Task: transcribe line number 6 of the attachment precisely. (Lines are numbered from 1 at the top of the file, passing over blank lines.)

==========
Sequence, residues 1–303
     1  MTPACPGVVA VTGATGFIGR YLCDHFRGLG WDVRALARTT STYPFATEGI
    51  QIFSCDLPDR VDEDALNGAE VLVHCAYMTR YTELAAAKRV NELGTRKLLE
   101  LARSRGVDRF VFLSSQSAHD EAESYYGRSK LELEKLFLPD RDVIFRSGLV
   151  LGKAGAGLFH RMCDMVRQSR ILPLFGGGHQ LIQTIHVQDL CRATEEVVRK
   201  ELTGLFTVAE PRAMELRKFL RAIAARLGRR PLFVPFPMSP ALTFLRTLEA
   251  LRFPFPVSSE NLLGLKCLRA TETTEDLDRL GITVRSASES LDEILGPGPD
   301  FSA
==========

   201  ELTGLFTVAE PRAMELRKFL RAIAARLGRR PLFVPFPMSP ALTFLRTLEA